Monkeys Watch Instructional Videos Too

2010 Monkeys Watch Instructional Videos Too
Video box and experimental set-up / T. Gunhold et al., Royal Society 2014

Watching a couple instructional videos might be the quickest way to learn makeup tips, magic tricks, and how to moonwalk. Now, researchers show that monkeys in the wild can learn skills by watching videos too. Monkey see, monkey do. The findings are published in Biology Letters this week. 

People used to think that culture and behavioral traditions were unique to humans, but from primates to meerkats to cockatoos, the evidence for the social transmission of information in non-human animals is mounting. Recent studies have found that primates can learn solutions to problems from watching videos in the lab. The approach has never been tried in the wild. 


To see if wild common marmosets (Callithrix jacchus) can learn problem solving skills from others, a trio of researchers led by Tina Gunhold from the University of Vienna tested 12 family groups—that’s a total of 108 monkeys—in the Atlantic Forest of Aldeia in Pernambuco, Brazil, using video footage and a fruit-snatching task. 

First, they trained a couple of captive monkeys to either pull open a drawer (pictured below, a) or push up a lid (b) to reach a fruity reward. The researchers recorded these marmoset teachers and displayed the videos on a laptop screen in an opaque plastic box on a platform where wild marmosets frequent. Six of the groups got to watch video demonstrations showing the unfamiliar marmosets pulling open the drawer or pushing up the lid. As controls, the other half were shown static images of marmosets next to fruit. The team then watched what happened when they placed the plastic box of treats on the platform in front of the video box.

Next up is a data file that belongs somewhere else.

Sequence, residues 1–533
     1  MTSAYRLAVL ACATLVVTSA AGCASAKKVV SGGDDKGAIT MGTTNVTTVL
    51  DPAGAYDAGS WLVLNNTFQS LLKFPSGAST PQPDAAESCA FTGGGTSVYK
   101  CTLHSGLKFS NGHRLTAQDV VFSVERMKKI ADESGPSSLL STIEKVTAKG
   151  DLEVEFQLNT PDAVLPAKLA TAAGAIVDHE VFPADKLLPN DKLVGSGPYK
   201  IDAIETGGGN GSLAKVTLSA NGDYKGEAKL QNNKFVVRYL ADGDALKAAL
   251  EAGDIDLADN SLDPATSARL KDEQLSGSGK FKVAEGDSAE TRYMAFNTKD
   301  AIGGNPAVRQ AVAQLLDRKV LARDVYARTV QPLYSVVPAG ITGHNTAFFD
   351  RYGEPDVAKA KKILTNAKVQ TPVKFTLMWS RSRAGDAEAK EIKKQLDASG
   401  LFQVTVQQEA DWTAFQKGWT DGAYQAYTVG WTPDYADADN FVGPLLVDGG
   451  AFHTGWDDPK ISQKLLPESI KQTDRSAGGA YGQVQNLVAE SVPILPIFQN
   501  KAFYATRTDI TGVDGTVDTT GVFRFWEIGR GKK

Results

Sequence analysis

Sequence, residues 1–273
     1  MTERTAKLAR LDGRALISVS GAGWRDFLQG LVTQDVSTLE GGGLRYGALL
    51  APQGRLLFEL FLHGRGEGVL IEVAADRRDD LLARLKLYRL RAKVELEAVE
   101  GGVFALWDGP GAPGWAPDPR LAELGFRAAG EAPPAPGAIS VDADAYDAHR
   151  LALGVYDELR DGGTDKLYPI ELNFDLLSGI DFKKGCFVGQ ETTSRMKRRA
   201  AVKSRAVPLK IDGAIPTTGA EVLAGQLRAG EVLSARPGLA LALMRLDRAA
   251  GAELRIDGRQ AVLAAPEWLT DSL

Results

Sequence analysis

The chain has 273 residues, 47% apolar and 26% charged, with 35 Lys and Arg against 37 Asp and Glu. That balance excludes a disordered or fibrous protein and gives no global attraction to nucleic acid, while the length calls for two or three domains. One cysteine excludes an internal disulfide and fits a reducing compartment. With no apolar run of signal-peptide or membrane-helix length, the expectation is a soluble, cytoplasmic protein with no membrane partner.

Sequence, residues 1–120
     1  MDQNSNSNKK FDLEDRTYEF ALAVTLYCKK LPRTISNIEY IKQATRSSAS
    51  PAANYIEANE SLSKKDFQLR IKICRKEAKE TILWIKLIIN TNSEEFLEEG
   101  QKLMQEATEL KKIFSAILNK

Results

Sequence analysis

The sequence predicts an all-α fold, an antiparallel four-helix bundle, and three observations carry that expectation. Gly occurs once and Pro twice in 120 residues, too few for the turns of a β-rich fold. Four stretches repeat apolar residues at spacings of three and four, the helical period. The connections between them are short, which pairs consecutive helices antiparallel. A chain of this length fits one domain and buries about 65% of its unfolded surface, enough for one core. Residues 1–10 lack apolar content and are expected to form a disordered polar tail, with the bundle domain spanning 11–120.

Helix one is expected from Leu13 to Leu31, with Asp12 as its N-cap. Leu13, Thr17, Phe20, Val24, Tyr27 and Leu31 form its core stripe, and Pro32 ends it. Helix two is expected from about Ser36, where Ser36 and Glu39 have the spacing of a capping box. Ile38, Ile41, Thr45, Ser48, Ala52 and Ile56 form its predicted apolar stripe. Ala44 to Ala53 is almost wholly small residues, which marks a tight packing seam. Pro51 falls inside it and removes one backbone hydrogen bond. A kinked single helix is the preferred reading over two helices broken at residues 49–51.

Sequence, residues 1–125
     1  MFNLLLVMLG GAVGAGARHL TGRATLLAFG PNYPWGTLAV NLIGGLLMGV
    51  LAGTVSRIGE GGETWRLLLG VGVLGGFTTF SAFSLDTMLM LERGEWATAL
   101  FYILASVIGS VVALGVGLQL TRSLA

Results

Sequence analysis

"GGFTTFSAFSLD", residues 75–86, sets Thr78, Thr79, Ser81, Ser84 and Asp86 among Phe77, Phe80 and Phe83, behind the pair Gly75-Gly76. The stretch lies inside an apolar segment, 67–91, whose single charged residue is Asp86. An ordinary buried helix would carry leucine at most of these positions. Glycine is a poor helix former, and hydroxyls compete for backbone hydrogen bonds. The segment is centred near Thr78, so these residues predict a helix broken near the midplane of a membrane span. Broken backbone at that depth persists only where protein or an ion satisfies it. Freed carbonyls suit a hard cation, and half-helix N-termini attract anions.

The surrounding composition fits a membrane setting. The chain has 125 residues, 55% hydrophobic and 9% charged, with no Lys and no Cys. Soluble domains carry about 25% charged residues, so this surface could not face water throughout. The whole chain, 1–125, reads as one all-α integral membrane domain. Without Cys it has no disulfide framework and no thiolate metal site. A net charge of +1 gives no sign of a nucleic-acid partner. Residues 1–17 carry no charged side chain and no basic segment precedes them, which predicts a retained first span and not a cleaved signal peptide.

Monkeys in the video-demo groups were more successful in finding the fruit than the controls, and they were also more likely to use the technique shown by the on-screen monkeys later, acting as teachers for other family members. However, as soon as one monkey mastered the task, it was impossible to tell whether the others were learning from the video or from their relative: "We think it's a combination of both," Gunhold tells New Scientist. Of the one dozen marmosets who were able to open the box, only one did it by figuring it out on his own. 

Here’s a short movie of monkeys watching monkey movies: 

Images: T. Gunhold et al., Royal Society 2014

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